CINCINNATI (AP) — Authorities in the Cincinnati region Friday mourned a 20-year veteran sheriff’s deputy, the fifth police officer in the extended law enforcement community to die in less than two months. Uniformed officers from…
CINCINNATI (AP) — Authorities in the Cincinnati region Friday mourned a 20-year veteran sheriff’s deputy, the fifth police officer in the extended law enforcement community to die in less than two months.
Uniformed officers from multiple departments helped pack a church for funeral services for Bill Brewer, a Clermont County deputy gunned down while responding last weekend to a suspected suicide attempt by a man barricaded inside an apartment some 20 miles (32 kilometers) east of Cincinnati. Another officer was wounded in the leg before a man was taken into custody at the apartment complex.
Clermont Sheriff Steve Leahy called Brewer someone he could always count on “to do the right thing” and acknowledged that he was reeling from his loss.
“I’m a mess. I’m a wreck,” Leahy told the church audience in services carried through livestream by local news media. “I’m devastated.”
He said Brewer gave his life “as a hero,” and said the wounds from his death will never completely heal.
“Bill is gone from us today but his life and service will never be forgotten,” Leahy said, pledging to honor him by “carrying on his legacy” and to support the family Brewer leaves behind, including his wife and 5-year-old son.
The sheriff lashed out during his eulogy, too, using an expletive to describe the suspect in the shootings.
Tributes for Brewer this week included one on the U.S. House floor from Rep. Brad Wenstrup, a Republican whose district includes Clermont County. Wenstrup said Brewer “died trying to a help a member of his community as he always strived to do.”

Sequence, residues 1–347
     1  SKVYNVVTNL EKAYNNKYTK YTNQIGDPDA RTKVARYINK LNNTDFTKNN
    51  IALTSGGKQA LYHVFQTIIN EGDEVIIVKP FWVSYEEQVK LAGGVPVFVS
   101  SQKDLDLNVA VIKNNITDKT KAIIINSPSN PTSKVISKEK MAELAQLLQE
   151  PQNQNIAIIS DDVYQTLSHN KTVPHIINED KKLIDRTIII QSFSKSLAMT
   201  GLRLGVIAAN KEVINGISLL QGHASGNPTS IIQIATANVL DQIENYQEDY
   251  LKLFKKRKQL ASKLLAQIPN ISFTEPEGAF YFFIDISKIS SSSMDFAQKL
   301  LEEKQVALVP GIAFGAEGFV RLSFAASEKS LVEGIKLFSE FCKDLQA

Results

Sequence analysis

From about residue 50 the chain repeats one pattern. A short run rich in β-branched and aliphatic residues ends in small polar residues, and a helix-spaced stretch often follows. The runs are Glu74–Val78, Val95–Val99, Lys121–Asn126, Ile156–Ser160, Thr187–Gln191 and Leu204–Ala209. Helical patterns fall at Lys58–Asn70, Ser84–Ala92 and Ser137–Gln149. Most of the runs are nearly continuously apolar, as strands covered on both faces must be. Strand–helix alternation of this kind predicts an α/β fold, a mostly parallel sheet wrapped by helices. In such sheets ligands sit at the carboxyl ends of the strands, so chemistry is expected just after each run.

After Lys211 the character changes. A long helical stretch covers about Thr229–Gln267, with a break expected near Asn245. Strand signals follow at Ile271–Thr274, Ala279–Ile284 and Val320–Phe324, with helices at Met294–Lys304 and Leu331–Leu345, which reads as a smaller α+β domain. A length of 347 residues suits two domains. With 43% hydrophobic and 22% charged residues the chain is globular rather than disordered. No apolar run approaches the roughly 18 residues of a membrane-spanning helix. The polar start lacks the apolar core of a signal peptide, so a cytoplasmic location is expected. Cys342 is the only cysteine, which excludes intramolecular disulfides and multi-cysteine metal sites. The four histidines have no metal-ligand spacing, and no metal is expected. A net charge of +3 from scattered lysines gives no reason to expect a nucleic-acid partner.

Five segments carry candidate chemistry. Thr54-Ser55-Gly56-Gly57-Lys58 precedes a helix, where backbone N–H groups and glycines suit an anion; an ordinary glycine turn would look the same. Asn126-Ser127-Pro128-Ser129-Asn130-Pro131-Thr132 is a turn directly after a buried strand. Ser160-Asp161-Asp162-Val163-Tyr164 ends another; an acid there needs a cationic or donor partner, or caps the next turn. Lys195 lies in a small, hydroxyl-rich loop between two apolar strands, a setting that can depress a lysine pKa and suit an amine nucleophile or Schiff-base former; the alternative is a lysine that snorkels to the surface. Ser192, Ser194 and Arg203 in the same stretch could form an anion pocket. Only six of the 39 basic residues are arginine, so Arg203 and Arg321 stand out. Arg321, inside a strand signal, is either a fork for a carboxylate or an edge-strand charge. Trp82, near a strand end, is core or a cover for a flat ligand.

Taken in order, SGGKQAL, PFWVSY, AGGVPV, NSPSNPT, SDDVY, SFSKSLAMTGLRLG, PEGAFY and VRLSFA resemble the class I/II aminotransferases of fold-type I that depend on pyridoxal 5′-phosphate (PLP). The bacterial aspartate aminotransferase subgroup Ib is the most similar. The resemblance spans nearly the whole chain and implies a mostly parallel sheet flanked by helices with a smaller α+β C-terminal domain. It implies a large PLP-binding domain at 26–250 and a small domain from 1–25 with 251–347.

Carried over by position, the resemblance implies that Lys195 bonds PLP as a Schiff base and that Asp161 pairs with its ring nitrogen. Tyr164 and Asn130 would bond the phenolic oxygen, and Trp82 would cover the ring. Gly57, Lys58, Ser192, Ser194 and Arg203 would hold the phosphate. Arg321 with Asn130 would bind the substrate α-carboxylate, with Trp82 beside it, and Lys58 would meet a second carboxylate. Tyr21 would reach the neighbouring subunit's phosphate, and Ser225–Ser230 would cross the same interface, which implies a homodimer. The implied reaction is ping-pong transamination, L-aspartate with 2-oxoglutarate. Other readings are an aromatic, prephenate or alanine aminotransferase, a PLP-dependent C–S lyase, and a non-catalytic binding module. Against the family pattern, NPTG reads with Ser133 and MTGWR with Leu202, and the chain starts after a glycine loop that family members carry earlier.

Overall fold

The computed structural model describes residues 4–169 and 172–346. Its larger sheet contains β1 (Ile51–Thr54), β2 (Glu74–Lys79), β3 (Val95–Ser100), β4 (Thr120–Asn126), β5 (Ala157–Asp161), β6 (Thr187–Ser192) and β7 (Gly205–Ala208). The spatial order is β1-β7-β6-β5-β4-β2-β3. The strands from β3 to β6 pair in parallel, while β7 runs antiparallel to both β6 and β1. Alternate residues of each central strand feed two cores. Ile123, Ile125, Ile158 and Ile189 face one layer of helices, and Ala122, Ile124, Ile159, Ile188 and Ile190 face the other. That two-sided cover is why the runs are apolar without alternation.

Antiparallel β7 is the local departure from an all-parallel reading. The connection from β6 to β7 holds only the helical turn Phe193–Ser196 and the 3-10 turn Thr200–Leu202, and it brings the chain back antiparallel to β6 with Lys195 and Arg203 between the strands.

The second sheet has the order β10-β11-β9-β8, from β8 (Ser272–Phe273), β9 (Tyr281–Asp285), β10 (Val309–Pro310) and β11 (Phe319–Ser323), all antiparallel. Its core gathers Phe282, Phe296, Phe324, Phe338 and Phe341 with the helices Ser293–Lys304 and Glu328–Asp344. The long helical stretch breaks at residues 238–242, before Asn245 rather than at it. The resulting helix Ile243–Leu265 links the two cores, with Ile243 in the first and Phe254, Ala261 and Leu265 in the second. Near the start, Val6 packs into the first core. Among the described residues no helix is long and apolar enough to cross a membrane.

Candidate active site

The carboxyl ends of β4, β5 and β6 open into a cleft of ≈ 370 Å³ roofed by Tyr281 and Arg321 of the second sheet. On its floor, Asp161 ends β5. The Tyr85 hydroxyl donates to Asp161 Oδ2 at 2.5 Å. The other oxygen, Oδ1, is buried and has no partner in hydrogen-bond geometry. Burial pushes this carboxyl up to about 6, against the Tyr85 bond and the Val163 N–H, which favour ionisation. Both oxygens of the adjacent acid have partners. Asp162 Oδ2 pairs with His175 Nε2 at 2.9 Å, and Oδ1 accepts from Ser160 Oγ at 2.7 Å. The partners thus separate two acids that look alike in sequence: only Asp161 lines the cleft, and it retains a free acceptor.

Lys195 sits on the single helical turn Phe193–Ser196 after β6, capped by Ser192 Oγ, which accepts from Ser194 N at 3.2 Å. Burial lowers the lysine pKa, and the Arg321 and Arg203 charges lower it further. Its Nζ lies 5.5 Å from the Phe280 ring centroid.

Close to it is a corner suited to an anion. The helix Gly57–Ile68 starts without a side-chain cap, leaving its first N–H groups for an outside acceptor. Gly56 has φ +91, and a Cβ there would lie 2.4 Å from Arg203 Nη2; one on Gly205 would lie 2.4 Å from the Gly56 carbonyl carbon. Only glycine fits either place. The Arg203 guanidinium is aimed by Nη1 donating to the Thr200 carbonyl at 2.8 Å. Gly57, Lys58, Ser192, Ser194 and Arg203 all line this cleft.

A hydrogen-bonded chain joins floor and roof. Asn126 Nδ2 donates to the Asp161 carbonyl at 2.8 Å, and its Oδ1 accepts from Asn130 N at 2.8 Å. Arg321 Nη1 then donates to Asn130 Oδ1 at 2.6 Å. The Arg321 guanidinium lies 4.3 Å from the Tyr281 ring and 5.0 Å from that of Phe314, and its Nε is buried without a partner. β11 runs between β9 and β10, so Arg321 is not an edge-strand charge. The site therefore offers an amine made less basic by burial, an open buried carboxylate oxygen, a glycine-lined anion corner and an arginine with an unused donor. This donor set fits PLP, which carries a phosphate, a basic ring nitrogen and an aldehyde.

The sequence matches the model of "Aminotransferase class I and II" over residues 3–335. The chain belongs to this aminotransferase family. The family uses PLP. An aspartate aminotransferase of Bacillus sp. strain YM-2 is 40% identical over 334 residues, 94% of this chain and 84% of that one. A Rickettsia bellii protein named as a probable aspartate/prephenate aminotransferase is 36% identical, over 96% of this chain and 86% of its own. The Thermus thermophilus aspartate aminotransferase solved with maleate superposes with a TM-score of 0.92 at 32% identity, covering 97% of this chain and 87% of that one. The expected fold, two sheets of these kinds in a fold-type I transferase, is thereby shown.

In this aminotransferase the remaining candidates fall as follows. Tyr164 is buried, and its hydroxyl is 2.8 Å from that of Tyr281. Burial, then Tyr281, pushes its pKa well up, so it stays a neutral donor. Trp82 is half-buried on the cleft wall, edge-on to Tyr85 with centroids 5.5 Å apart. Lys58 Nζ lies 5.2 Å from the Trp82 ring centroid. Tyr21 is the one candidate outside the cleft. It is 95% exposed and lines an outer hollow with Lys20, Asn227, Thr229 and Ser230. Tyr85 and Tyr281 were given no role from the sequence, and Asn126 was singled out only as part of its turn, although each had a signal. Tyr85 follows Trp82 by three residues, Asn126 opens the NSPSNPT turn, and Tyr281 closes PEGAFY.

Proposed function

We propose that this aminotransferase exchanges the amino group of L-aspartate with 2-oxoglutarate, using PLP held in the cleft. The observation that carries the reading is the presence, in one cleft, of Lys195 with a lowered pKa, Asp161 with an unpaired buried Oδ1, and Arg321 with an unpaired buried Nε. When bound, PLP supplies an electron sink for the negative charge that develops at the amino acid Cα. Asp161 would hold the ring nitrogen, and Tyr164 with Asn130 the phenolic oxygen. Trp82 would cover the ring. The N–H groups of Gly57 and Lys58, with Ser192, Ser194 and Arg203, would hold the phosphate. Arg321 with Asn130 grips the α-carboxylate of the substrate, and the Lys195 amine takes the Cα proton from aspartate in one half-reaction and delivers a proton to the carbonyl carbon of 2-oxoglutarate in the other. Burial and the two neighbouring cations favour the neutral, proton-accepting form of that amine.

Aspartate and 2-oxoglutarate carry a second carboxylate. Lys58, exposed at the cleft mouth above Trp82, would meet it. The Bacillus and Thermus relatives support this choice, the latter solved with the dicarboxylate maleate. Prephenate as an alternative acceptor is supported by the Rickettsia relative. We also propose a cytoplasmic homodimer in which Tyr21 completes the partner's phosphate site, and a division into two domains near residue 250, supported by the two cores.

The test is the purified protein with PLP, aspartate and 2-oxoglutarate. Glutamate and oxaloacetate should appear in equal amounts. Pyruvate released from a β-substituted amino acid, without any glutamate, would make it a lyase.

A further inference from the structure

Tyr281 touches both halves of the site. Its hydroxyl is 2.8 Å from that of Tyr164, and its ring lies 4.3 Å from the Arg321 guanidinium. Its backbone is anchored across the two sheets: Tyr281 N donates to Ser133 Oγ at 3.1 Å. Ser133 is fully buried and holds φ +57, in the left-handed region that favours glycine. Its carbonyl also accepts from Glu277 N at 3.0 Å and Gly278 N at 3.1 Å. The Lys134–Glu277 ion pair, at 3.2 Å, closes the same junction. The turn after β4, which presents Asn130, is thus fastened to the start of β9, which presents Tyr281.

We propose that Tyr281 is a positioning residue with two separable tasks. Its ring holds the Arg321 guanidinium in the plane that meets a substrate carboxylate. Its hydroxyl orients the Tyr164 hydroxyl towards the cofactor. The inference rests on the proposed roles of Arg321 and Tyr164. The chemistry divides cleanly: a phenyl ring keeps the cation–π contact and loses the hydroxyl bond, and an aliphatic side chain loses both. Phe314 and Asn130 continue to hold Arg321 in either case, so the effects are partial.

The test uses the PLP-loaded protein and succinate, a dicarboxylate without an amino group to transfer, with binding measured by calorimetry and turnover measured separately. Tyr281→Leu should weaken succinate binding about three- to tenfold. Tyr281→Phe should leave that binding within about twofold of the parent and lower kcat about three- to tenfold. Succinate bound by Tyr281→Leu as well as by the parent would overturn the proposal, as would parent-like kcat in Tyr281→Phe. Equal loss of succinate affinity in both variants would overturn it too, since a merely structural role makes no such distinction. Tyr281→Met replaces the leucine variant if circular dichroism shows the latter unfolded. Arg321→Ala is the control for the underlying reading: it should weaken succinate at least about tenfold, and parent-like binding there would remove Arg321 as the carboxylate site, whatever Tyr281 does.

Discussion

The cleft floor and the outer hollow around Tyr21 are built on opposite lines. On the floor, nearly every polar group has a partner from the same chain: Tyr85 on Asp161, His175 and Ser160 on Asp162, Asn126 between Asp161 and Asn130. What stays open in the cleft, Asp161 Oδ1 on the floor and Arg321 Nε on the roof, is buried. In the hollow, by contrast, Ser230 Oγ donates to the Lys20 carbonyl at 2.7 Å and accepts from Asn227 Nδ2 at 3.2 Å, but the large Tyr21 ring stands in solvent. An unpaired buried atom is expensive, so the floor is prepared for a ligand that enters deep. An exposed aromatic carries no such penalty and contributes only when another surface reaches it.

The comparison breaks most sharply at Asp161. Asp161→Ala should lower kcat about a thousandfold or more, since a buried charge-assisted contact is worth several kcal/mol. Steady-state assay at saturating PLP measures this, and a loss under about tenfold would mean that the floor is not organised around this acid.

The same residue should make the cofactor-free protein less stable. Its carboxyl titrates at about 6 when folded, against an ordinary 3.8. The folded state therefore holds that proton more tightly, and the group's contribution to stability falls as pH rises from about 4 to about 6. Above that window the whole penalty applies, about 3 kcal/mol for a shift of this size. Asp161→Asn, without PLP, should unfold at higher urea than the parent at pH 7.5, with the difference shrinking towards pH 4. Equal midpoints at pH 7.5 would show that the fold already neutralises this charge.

Meanwhile, Dr. Lakshmi Sammarco says she has been wearing a black mourning band over her coroner’s badge since Dec. 17. That’s when a recently retired suburban police officer who worked for the Hamilton County coroner’s office killed himself, she said.
Three days later, a Cincinnati Police sergeant was found dead in a park of a self-inflicted gunshot. Last month, a Colerain Township police veteran was fatally struck by a vehicle after responding to a crash scene, and a suburban Clearcreek Township officer on his way to work was killed in a head-on crash when another vehicle crossed the center line.
“Everybody in the law enforcement community is truly shaken,” Sammarco told reporters this week. The Cincinnati-based coroner since 2012 said she can’t think of any comparable period for so many police deaths so close together.
“To see this many tragedies in such a short span of time, it does have an impact,” Cincinnati Police Chief Eliot Isaac said, standing Wednesday in front of memorial wall for fallen Cincinnati department officers. “When a department loses an officer, we all feel that pain because we’ve gone through it.”
Wade Edward Winn, 23, is jailed in Clermont County under a $10 million bond on charges of aggravated murder and attempted aggravated murder.
Prosecutors said in court Monday that Winn had faked killing himself at some point during the standoff, and the two deputies were shot through a wall when they tried to enter the apartment to assist him.
Winn’s lawyer, Jay Clark, said Winn has been under psychiatric care in the past. The attorney said he doesn’t think Winn “fully appreciates exactly what happened or how it happened.”
Sammarco said the deaths should remind the public of “the tremendous sacrifices” police and their families make to keep their communities safe.
After receiving his sergeant’s badge Wednesday in a promotion ceremony, Cincinnati police officer Charles Fink said police carry a burden that’s “not normal” in their jobs.
“We see, experience, touch, and hear horrific things on a daily basis, day in and day out,” Fink told the ceremony’s audience, which included family members and fellow officers. “We work in an environment where just the words on your vehicle, the shirt on your back, can leave you wondering whether you’re going to make it home that night.”
Associated Press writer Lisa Cornwell in Cincinnati contributed.
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